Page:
Bank Account Hackers Used SS7 to Intercept Security Codes
Well-Known Signaling System 7 Protocol Flaws Exploited in Germany
Hackers have exploited the Signaling System #7 international telecommunications signaling protocol as part of a two-stage attack designed to drain money from online bank accounts.
The attacks successfully targeted online bank account holders in Germany by using call-forwarding features built into the SS7 protocol, German daily newspaper Süddeutsche Zeitung reports.
When mobile phone users travel abroad, the SS7 administrative data network allows local phone networks to verify that the user’s SIM card is valid, via what’s called the Home Location Register. But that SS7 functionality can also be abused. In the case of the German online bank attacks, which banks began seeing in January, Süddeutsche Zeitung reports that hackers employed a two-stage assault:
- Phishing attack: Fake emails tricked victims into visiting lookalike bank websites, where they were directed to enter all login and related information required to initiate a money transfer, including their account number, account password and the mobile phone number they registered with the bank to receive a one-time mobile transaction authentication number (mTAN), which must be entered into the bank’s website to approve money transfers.
- Call forwarding: Using a mobile telephony network located abroad, attackers instruct it – via SS7 – to forward all calls and SMS messages sent to a victim’s mobile phone number to an attacker-controlled number. Fraudsters can then log into a victim’s account, initiate a money transfer and then receive the mTAN required to approve the transfer.
The attacks demonstrate well-known weaknesses pertaining to sending one-time security tokens via SMS messages, because such messages can be intercepted – not just via SS7 exploits, but also potentially from malware installed on a mobile device. That’s why many security experts and financial services regulators – including the German Federal Office for Information Security, known as the BSI – recommend that banks never use mTANs or other two-step verification schemes. Instead, they recommend using two-factor authentication and generating a transaction authentication number, or TAN, via a hardware-based or software-based dongle.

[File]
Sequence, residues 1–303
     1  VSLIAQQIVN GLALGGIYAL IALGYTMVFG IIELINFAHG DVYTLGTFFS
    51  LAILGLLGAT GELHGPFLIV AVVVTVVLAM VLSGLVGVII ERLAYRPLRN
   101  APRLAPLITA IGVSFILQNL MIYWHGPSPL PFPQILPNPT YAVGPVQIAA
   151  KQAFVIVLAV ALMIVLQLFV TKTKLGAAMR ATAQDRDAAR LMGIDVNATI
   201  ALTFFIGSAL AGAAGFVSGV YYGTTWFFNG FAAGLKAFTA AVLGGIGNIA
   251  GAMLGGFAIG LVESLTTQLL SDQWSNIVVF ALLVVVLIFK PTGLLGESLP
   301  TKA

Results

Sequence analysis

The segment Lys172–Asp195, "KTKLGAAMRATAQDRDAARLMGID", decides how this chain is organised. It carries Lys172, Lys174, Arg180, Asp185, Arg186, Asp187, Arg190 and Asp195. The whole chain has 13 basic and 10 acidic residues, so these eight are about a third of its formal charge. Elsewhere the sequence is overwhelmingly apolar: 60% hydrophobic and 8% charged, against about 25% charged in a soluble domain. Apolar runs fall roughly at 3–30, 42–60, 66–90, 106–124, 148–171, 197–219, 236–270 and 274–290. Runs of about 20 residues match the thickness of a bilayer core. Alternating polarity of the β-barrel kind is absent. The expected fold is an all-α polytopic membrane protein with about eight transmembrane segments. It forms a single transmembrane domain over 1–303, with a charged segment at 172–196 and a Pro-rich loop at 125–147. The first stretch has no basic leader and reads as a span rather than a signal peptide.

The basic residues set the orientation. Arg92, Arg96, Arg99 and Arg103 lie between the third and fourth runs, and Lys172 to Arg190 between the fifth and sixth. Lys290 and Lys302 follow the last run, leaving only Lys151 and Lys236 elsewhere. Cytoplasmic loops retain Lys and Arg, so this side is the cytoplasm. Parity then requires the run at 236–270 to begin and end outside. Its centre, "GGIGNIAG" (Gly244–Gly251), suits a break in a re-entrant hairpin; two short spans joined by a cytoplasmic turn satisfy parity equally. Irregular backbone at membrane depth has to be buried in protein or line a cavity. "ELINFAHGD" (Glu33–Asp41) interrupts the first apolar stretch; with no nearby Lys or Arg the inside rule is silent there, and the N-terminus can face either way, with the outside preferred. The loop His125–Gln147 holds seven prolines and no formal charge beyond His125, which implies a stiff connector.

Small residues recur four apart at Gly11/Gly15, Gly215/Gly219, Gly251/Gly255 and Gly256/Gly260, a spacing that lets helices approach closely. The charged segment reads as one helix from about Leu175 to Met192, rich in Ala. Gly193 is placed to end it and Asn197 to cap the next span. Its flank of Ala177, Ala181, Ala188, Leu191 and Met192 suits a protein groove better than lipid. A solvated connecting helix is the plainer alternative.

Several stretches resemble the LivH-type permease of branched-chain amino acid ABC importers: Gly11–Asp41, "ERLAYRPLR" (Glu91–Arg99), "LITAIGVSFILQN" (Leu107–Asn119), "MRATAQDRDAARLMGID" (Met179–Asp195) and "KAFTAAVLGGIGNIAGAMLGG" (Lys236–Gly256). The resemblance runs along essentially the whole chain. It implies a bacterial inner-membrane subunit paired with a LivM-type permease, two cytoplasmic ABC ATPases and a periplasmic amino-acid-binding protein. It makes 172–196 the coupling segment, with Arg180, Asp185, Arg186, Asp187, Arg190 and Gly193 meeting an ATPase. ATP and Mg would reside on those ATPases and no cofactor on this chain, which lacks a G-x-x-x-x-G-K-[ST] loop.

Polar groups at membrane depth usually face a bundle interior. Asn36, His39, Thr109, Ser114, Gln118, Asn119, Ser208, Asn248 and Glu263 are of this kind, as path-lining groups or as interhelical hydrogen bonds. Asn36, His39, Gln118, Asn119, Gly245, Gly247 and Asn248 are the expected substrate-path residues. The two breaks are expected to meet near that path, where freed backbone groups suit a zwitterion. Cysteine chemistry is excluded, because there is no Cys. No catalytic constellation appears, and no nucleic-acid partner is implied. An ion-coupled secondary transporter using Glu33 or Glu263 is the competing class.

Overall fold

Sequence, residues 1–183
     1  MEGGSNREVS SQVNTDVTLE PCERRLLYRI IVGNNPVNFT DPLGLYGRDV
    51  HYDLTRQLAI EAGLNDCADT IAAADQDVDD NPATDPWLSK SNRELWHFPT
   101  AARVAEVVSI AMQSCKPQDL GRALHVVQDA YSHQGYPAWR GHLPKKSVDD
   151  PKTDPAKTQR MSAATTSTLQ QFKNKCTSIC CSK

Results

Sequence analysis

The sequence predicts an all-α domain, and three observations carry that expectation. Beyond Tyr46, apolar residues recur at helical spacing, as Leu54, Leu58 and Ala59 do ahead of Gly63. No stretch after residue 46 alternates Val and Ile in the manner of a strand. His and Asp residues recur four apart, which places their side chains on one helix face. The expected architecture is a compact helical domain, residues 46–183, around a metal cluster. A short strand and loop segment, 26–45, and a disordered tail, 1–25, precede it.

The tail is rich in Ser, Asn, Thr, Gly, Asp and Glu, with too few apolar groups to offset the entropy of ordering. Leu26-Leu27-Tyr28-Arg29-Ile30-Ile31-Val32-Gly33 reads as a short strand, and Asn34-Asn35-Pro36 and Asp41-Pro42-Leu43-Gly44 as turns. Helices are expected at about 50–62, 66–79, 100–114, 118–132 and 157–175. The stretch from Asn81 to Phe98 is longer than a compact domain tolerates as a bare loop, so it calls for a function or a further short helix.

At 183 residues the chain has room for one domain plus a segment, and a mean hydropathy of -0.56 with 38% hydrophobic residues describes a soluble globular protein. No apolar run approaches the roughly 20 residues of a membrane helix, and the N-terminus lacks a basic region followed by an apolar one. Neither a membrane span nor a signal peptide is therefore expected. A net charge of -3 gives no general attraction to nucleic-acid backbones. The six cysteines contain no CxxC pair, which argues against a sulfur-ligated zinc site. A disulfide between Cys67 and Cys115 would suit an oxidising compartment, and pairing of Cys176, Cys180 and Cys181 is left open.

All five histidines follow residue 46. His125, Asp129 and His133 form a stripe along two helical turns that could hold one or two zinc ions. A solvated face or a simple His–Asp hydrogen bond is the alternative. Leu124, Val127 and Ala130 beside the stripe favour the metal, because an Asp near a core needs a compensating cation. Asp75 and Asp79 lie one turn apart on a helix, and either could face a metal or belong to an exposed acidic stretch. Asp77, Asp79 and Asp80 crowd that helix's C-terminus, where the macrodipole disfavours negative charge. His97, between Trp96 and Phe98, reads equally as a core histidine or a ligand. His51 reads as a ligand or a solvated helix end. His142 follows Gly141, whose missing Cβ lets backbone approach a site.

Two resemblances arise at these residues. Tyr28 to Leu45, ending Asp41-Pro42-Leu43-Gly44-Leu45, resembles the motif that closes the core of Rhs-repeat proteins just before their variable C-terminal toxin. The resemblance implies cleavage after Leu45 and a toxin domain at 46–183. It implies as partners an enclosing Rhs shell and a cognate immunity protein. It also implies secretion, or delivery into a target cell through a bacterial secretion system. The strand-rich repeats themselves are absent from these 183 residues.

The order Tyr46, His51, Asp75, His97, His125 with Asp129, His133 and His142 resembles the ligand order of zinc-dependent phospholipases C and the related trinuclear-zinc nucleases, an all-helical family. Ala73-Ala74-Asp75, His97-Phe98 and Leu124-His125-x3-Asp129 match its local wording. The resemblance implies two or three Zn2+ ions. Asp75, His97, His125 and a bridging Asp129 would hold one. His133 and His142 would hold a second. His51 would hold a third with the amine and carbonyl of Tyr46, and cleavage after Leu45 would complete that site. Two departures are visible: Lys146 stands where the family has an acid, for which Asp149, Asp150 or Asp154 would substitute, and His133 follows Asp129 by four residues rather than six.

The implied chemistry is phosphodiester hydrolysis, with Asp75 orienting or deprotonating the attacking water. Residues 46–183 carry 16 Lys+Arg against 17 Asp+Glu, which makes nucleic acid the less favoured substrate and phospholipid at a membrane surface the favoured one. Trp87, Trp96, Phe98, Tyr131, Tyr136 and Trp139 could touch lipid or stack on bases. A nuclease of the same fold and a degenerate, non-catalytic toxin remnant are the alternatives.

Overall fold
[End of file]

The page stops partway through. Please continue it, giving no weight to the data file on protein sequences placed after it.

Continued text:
Fraudsters Moved Fast
Security experts say it’s no surprise hackers have exploited SS7 features to steal money, especially because related, inexpensive call-interception attacks were first demonstrated by researchers in 2014. But Alan Woodward, a computer science professor at the University of Surrey who last year detailed on a BBC television program how SS7 flaws could be exploited, says he’s surprised by how quickly fraudsters have moved.
“Don’t get me wrong, this is not a simple hack, this is not trivial,” Woodward tells Information Security Media Group. “I’ll hold up my hand, I thought it was going to take people a lot longer to do this than it did.”
For German bank customers, at least, the news is not bleak. After attacks were spotted in mid-January, O2-Telefonica tells Süddeutsche Zeitung that it blocked the foreign telephony provider attackers used and that German customers are now no longer at risk from these types of attacks.
O2-Telefonica didn’t immediately respond to a request for comment about how it is now blocking these types of attacks. But Hendrik Schmidt from IT security firm ERNW tells Süddeutsche Zeitung that the attacks can be blocked if mobile operators disallow call forwarding or else restrict that functionality to only trusted providers.
In other words, it appears that the telcos are “effectively modifying how SS7 works,” says Woodward, who’s also a cybersecurity adviser to the EU’s law enforcement intelligence agency, Europol. “That’s good. We can only hope that other telcos follow suit.”
Unfortunately, telcos have had ample time and warning to address these flaws, but so far most apparently have done little.
Mounting Security Concerns
The SS7 protocol dates from the 1970s, and its authors assumed that only a closed group – comprising large telecommunications firms – would be able to provide telephony services, Woodward says. Then the internet and voice over IP communications came along, creating all sorts of inexpensive ways in which mobile telephony networks could be accessed and legitimate features potentially used for unintended purposes.